Globally, in many places, an “immunity wall” that has been built, Topol said. That may not be the case in the United States.
“The problem in the US, making it harder to predict, is that we have a very low rate of recent boosters, in the past 6 months, especially in seniors,” he said. For example, only 36% of Americans 65 and older, the group with highest risk, have received an updated bivalent booster.
An Evolving Virus
The subvariants are successfully replacing BA.5, which reigned as one of the most common Omicron variants over the past year. The latest CDC data show that BA.5 now accounts for only about 10% of the circulating virus. The researchers write, “This rapid replacement of virus strains is raising the specter of yet another wave of infections in the coming months.”
BQ.1 and BQ.1.1 evolved directly from BA.5 — adding more and some novel mutations to the SARS-CoV-2 virus. XBB and XBB.1 are the “offspring” of a combination of two other strains, known as BJ.1 and BA.2.75.
The story sounds familiar to the researchers. “The rapid rise of these subvariants and their extensive array of spike mutations are reminiscent of the appearance of the first Omicron variant last year, thus raising concerns that they may further compromise the efficacy of current COVID-19 vaccines and monoclonal antibody therapeutics,” they write. “We now report findings that indicate that such concerns are, sadly, justified, especially so for the XBB and XBB.1 subvariants.”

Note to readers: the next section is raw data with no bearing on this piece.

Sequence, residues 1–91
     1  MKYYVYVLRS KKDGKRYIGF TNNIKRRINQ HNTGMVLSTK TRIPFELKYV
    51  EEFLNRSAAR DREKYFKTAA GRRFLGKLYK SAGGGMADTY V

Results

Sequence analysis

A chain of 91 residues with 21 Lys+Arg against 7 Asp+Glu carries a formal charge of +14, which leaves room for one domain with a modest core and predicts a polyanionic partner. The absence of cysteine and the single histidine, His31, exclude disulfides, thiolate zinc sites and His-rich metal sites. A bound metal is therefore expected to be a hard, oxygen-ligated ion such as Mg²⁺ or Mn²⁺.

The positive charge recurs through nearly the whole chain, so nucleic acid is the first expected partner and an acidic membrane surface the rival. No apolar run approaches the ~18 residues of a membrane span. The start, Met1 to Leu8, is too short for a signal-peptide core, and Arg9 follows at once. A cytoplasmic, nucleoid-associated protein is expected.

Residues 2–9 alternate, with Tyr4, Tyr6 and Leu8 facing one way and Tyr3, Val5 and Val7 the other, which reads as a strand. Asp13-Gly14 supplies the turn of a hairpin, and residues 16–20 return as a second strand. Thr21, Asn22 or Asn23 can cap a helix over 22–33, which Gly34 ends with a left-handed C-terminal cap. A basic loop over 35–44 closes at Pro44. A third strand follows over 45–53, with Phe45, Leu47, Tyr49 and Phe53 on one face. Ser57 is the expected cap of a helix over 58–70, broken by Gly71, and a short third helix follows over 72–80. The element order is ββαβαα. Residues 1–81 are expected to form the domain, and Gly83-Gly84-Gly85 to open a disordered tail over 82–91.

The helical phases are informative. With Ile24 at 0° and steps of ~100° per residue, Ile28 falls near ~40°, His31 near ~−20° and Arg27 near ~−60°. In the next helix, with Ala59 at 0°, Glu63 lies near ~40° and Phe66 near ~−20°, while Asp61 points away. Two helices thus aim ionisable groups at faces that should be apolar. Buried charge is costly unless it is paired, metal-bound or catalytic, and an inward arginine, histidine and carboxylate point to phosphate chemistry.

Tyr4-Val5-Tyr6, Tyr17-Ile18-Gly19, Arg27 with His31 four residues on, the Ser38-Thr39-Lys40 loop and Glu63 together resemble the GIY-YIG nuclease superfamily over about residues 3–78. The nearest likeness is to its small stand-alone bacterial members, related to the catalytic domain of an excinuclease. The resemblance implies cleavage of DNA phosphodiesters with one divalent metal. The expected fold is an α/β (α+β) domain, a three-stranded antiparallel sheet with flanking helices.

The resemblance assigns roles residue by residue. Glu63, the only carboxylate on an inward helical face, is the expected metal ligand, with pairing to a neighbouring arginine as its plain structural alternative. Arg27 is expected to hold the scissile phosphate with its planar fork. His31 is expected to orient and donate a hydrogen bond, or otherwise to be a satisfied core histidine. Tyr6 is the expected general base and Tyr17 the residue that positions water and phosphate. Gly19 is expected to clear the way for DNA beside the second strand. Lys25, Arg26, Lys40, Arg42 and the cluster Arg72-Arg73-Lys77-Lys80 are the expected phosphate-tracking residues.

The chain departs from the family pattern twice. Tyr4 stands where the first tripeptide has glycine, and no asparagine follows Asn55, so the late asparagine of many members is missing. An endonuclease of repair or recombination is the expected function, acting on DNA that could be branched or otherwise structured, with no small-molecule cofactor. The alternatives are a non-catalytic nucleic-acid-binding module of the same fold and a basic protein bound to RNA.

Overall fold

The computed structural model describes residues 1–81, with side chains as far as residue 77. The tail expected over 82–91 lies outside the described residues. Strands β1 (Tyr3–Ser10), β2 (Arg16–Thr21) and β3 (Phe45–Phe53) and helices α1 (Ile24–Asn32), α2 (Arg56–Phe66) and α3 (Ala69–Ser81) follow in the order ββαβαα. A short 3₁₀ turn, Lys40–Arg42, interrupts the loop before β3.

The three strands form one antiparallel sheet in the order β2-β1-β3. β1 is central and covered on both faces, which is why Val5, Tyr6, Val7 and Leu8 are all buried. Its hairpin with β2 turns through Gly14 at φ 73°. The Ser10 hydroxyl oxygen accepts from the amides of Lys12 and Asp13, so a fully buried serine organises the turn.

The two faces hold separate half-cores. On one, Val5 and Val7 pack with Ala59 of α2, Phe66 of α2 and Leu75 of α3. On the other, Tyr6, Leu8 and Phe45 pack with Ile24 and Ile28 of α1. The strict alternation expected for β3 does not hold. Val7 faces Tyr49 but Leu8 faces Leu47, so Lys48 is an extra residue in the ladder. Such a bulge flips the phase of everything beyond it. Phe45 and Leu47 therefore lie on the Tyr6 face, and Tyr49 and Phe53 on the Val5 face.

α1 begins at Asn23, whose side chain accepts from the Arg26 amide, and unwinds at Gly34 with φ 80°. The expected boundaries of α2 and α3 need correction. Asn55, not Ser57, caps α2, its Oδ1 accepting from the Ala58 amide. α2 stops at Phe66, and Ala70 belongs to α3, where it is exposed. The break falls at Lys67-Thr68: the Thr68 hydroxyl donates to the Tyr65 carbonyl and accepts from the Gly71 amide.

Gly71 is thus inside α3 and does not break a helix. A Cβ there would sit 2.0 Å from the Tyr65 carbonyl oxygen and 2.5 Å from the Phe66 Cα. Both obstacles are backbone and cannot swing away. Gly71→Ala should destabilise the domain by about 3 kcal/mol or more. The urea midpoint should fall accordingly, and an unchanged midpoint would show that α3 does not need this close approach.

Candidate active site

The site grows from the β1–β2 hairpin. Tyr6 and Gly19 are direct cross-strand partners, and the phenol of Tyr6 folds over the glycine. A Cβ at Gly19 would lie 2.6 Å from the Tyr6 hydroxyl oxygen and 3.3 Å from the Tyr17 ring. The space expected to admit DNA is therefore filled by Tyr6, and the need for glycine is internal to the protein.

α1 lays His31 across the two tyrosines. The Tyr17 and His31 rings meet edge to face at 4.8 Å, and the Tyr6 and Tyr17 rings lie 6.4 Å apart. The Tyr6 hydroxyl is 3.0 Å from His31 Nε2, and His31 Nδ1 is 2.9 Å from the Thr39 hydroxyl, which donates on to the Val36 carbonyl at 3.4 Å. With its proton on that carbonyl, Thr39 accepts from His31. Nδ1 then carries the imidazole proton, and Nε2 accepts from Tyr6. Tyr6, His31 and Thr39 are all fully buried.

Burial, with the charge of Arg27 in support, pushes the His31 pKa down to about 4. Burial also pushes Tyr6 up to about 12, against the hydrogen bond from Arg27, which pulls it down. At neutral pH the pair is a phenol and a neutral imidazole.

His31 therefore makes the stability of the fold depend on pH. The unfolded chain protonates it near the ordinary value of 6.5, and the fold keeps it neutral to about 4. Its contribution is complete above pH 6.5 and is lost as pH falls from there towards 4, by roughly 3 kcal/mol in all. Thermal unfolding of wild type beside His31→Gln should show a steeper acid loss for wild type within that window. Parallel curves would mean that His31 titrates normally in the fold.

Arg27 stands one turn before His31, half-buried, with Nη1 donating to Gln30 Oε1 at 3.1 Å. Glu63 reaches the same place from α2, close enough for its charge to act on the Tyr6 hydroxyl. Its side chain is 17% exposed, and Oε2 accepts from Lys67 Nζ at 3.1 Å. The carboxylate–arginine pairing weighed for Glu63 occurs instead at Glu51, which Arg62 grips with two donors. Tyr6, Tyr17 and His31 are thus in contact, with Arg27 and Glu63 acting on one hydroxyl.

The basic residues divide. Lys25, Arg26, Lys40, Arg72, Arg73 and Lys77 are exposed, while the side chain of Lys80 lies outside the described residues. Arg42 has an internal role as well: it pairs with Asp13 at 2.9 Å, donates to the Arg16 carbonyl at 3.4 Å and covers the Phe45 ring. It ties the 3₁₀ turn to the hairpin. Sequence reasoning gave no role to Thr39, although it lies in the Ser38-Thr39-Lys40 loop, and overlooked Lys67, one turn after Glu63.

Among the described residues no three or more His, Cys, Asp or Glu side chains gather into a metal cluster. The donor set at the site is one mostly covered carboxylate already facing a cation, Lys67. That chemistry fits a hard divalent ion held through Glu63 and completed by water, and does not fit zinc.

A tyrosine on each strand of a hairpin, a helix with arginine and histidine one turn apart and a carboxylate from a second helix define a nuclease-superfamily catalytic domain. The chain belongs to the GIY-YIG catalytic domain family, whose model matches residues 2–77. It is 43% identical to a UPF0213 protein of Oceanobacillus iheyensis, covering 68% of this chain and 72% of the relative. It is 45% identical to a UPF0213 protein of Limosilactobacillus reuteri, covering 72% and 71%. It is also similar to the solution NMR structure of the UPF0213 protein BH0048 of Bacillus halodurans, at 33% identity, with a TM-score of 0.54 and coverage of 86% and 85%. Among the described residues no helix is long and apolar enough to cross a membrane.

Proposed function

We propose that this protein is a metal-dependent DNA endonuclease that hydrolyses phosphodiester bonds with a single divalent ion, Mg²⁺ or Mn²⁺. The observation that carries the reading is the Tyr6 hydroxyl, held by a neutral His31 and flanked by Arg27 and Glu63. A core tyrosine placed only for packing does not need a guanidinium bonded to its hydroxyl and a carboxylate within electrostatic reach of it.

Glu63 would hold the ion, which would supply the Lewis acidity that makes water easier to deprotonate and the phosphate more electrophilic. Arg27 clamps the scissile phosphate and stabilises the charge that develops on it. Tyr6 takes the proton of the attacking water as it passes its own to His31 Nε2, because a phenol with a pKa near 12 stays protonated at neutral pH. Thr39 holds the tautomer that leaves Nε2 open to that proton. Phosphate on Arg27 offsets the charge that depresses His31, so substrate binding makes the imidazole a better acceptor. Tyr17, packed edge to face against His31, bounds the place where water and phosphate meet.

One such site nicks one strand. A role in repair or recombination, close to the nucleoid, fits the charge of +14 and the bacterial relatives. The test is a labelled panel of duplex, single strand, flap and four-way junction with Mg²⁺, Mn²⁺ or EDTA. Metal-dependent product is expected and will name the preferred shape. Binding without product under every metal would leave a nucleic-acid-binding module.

To figure out how effective existing antibodies could be against these newer subvariants, Wang and colleagues used blood samples from five groups of people. They tested serum from people who had three doses of the original COVID-19 vaccine, four doses of the original vaccine, those who received a bivalent booster, people who experienced a breakthrough infection with the BA.2 Omicron variant, and those who had a breakthrough with a BA.4 or BA.5 variant.
Adding the new subvariants to these serum samples revealed that the existing antibodies in the blood were ineffective at wiping out or neutralizing BQ.1, BQ.1.1, XBB, and XBB.1.
The BQ.1 subvariant was six times more resistant to antibodies than BA.5, its parent strain, and XBB.1 was 63 times more resistant compared with its predecessor, BA.2.